iGy’s by developer Kristopher Conrad is a no-nonsense implementation of physical abstract boardgame Gyges, where players take it in turns to move pieces into one of two goal spaces on the board. Sitting somewhere between checkers and chess on the strategy scale, it provides a fresh challenge for abstract game veterans, although is hampered a little by a lack of options.
Each of iGy’s two players has initial control over 6 pieces: three pairs of counters marked with one, two or three concentric rings, indicating how many spaces on the board they can (and must) move.
Once the initial laying of the pieces is over, then iGy’s innovative twist kicks in: a player can move any of the twelve pieces, whether they were the ones they originally placed or not. Only pieces on the row nearest to the player may be moved, and when selected they must be moved the exact number of vertical or horizontal spaces as indicated by their ring markings. Pieces can move backwards or forwards; they can also double back, moving into the space they just came from.
The goal is to move one of the pieces into your ‘goal’ space at the opposite end of the board. A piece must finish its move in goal, requiring some forward thinking to work out the best likely route to success.
If a piece finishes its move on top of another piece, the player has two options: to ‘bounce’ the moving piece (where it gains an additional number of moves equal to the piece it landed on); or to ‘replace’ the piece (where the player moves the piece which was landed on instead). It’s possible therefore to build up chains of moves, where pieces bounce and replace each other towards the goal: and of course, each player is trying to maneuver pieces to stop their opponent getting this kind of edge.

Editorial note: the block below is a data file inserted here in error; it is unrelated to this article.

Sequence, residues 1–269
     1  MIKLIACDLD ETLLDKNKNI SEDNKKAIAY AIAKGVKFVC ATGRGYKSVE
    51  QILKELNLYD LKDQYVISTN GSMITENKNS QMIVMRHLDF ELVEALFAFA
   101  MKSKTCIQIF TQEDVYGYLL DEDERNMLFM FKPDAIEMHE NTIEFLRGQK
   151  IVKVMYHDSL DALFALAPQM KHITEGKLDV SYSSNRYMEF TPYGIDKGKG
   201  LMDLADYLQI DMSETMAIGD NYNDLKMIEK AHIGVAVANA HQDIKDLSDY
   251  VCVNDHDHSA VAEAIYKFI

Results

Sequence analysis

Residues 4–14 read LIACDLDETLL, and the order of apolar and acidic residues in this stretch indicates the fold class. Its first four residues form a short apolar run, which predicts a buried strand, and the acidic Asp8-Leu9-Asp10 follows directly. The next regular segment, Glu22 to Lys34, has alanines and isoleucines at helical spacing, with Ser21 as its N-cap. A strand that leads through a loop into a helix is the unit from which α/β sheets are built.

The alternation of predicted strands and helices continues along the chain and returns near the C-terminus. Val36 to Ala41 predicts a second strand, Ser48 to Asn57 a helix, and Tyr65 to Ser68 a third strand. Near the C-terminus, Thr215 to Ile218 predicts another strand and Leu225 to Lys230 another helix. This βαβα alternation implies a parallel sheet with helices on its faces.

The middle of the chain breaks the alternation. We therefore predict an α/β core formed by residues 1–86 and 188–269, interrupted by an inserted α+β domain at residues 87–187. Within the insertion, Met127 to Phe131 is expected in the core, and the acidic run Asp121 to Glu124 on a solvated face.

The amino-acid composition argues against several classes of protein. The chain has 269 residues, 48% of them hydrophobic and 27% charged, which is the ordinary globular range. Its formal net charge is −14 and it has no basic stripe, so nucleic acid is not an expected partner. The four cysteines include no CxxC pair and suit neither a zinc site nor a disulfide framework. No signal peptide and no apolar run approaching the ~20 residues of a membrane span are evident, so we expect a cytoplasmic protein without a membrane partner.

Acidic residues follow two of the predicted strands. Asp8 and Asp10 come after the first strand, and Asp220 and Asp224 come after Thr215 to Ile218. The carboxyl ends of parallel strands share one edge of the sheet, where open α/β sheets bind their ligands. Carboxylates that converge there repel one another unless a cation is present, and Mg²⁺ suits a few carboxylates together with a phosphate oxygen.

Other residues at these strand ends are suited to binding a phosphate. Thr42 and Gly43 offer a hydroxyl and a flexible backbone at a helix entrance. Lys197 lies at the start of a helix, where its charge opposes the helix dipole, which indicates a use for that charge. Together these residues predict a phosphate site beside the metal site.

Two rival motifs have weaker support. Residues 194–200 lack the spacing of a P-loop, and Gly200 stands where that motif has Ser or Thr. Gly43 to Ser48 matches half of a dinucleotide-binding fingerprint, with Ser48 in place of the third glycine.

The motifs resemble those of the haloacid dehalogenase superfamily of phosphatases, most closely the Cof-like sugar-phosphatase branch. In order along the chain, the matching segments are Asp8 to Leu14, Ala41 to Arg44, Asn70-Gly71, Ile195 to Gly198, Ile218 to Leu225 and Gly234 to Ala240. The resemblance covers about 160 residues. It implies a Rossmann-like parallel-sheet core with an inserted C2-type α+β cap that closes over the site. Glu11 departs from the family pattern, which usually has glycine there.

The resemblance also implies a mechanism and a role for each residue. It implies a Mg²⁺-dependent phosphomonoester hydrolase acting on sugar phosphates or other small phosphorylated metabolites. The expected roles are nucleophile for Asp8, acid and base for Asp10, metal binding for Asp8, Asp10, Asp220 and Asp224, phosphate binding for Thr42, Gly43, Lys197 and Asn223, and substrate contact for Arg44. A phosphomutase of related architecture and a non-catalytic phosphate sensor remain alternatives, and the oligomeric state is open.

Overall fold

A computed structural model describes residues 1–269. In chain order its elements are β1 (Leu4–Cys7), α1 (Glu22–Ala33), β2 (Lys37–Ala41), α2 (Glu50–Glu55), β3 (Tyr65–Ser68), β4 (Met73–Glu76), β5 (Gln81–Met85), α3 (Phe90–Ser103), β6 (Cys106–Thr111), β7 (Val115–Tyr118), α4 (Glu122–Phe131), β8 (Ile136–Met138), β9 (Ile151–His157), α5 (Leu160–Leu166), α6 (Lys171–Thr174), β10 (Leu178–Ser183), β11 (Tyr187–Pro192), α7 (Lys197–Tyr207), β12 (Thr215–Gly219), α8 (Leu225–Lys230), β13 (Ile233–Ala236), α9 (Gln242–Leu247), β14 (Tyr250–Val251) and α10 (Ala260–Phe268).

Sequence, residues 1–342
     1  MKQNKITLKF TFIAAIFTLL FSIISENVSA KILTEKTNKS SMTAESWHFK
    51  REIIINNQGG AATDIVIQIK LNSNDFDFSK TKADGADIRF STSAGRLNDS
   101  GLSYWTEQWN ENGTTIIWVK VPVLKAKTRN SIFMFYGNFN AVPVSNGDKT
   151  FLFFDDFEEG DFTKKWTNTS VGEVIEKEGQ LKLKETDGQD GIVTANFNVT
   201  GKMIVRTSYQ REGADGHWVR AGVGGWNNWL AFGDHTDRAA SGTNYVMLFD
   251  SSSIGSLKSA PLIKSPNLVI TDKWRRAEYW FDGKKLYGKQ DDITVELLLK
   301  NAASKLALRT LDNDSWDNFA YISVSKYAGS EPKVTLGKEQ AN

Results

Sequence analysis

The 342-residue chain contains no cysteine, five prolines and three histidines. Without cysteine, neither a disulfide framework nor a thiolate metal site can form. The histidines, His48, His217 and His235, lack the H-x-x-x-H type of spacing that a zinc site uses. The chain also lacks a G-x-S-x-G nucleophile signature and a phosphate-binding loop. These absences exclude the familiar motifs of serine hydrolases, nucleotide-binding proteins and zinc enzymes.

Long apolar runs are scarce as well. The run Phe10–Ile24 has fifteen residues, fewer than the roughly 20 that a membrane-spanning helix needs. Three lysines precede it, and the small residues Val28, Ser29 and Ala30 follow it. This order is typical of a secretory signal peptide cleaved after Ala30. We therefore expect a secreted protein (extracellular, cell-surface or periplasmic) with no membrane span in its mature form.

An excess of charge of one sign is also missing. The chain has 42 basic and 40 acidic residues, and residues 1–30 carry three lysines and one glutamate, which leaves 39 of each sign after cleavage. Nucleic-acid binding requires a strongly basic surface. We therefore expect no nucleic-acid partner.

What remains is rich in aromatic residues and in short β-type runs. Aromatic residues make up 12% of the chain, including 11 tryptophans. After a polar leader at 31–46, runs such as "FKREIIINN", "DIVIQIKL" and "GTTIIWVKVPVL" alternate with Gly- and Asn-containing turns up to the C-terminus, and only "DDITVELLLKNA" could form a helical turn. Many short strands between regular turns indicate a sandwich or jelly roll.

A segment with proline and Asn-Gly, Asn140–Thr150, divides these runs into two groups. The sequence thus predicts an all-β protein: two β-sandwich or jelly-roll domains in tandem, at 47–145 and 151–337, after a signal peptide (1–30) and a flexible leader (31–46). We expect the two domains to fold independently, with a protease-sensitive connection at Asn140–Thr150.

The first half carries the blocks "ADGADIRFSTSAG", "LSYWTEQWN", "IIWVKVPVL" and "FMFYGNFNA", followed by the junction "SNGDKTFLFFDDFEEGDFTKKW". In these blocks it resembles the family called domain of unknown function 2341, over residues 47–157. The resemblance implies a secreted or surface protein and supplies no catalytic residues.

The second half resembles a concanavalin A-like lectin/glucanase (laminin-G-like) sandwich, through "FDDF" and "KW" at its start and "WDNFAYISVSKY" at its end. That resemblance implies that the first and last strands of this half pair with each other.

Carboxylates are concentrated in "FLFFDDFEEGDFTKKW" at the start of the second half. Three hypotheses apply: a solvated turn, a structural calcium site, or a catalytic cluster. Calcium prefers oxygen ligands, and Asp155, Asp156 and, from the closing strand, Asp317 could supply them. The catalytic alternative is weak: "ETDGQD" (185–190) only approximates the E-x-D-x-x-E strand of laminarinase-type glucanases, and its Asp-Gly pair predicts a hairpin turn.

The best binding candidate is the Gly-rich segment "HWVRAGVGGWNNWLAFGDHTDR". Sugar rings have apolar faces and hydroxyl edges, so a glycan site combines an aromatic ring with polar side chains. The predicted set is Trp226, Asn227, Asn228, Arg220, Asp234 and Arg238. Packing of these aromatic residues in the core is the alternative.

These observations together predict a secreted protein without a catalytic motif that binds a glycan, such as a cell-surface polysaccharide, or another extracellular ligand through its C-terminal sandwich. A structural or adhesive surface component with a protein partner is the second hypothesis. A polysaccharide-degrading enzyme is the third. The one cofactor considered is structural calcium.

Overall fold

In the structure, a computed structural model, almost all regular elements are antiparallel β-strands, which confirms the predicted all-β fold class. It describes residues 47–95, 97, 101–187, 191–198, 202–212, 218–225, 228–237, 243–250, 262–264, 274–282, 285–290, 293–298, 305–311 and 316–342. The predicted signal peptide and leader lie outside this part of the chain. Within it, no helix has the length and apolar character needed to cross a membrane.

Doing away with any bells and whistles like sound or (sadly) any AI opponent, iGy’s is only able to be played by 2 human players. Although online Game Center play is available, you’ll be lucky to find an opponent to play against, meaning a game of iGy’s is only really an option when you have another person with you to play on the same device.
Graphically, the title is functional, with a pleasing wooden style; the pieces are also big enough to select and move easily: although a little more in the way of player feedback (e.g. highlighting available spaces to move to) would have perhaps made things more intuitive. Early bugs where the game appeared to hang between moves have thankfully been ironed out, meaning that if you have a like-minded friend to play against, iGy’s provides a solid alternative to other abstract strategy games in your collection.
With a bit more polish and the addition of AI play, iGy’s would be a great addition to the abstract genre. As it stands however, it is a little too limited to recommend to anyone other than completists who have real-life opponents on tap.